Nigel Mansell
It took 13 gruelling years, but in 1992 Nigel Mansell finally secured the Formula One world championship with Williams. The victory was soon soured, however, after he fell out with Frank Williams over Alain Prost's arrival at the team in 1993. Mansell quit but was still addicted to motor sport and secured his fix by signing up with the Newman/Haas Champ Car team for the following season. Still in his prime, Mansell arrived on the US scene in dramatic style, taking pole position and a win in his debut race. Despite a huge accident at his second race, he proved a natural and took four wins on ovals - an incredible achievement for a driver making a crossover from F1. His crew chief Jim McGee explained the secret to Mansell's success: "He was always quicker on the straightaway, even when we gave him some of the worst engines, and it was because he was able to straighten the car out by doing a lot of turning down in the middle of a corner so the car would come off really straight and the rpm would naturally be up because you weren't scrubbing off any speed." Mansell went on to win the 1993 championship, becoming the only driver to win back-to-back titles in both F1 and Champ Car). But his relationship with almost everyone in the sport soured in 1994 as he struggled in a less reliable car and became far too bolshie off track for the American fans' taste. His team-mate Mario Andretti said: "I had a lot of respect for him as a driver, but not as a man." He stuck it out for the rest of the year but also drove four races for Williams in F1, winning the season finale in Australia. In 1995 he left the US to return to F1 with McLaren, but he didn't fit in the car and after two lacklustre performances retired for the final time.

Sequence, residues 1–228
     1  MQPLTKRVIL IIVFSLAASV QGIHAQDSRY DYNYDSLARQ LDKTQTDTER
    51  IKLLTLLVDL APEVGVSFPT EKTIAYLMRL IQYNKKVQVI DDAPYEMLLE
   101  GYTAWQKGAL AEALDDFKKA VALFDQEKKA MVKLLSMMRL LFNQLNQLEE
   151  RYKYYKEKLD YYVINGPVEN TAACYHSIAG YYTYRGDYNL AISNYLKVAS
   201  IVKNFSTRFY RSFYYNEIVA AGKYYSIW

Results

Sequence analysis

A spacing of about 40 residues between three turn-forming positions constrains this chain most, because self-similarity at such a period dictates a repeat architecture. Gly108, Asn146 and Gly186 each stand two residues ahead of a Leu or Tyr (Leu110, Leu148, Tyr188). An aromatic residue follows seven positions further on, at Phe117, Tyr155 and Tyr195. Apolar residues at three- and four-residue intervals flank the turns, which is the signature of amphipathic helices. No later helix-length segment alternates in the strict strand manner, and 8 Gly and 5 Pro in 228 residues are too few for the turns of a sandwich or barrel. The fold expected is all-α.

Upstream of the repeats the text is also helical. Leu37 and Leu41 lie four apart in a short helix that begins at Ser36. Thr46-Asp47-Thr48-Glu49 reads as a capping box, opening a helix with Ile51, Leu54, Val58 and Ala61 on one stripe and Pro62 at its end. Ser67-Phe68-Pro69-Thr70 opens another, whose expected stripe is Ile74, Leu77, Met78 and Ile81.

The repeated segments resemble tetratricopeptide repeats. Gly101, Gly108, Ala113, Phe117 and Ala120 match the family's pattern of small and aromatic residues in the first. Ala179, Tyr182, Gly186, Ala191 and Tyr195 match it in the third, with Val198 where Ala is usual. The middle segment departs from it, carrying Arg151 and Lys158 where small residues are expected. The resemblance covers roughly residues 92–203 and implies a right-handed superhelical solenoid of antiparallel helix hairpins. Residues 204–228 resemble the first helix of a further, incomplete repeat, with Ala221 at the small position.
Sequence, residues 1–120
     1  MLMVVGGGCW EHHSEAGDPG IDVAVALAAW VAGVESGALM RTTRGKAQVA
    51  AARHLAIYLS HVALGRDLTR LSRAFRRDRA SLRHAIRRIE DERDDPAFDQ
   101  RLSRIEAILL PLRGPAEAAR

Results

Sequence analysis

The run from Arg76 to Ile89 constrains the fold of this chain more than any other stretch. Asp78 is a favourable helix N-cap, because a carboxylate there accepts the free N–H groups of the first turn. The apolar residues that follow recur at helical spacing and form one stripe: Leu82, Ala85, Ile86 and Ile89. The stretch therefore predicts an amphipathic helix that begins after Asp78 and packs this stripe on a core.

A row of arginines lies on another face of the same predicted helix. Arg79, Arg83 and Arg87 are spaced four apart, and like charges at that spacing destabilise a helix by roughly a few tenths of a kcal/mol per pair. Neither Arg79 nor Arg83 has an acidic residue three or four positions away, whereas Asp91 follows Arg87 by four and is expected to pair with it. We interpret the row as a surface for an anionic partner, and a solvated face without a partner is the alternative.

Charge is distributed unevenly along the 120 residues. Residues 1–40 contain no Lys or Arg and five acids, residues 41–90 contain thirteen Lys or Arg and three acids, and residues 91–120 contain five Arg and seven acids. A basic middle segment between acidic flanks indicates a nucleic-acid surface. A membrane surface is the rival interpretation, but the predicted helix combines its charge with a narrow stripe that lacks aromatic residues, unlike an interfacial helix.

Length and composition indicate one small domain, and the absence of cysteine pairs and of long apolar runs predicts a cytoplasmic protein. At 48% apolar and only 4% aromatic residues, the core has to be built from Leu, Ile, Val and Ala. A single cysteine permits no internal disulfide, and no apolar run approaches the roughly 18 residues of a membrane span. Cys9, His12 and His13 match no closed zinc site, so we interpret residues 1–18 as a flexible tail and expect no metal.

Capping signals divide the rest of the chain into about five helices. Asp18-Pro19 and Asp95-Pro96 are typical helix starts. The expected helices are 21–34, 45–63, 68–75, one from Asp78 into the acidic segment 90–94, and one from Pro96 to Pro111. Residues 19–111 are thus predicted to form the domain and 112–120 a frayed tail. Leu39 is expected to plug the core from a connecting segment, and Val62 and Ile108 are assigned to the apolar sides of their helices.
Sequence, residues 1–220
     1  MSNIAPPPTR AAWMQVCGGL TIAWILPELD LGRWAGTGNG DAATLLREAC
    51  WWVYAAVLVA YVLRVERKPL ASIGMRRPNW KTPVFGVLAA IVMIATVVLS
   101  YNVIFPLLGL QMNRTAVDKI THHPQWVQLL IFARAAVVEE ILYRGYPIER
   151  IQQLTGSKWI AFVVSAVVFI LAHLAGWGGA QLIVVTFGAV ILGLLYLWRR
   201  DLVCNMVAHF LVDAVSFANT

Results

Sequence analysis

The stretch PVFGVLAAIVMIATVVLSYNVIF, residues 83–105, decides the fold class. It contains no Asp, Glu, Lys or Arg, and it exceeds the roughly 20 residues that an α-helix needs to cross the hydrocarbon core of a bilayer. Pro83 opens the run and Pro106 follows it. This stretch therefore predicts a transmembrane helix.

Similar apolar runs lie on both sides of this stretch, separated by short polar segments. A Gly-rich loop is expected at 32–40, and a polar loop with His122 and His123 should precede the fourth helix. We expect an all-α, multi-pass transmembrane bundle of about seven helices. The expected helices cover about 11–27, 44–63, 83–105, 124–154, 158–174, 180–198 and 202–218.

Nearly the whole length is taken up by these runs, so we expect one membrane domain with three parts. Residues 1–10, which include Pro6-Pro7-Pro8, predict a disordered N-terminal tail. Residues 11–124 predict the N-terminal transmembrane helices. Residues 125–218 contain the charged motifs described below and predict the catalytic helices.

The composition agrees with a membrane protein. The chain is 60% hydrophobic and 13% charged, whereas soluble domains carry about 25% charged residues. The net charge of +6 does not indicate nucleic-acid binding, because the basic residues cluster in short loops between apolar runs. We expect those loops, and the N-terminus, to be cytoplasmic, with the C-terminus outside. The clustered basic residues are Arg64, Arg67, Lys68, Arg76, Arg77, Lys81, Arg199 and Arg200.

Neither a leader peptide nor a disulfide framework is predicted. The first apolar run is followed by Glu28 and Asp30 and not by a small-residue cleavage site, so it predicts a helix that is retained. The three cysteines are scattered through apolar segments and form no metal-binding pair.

Jacques Villeneuve cut his teeth in CART before moving to F1 in 1996 © Sutton Images
Enlarge
Jacques Villeneuve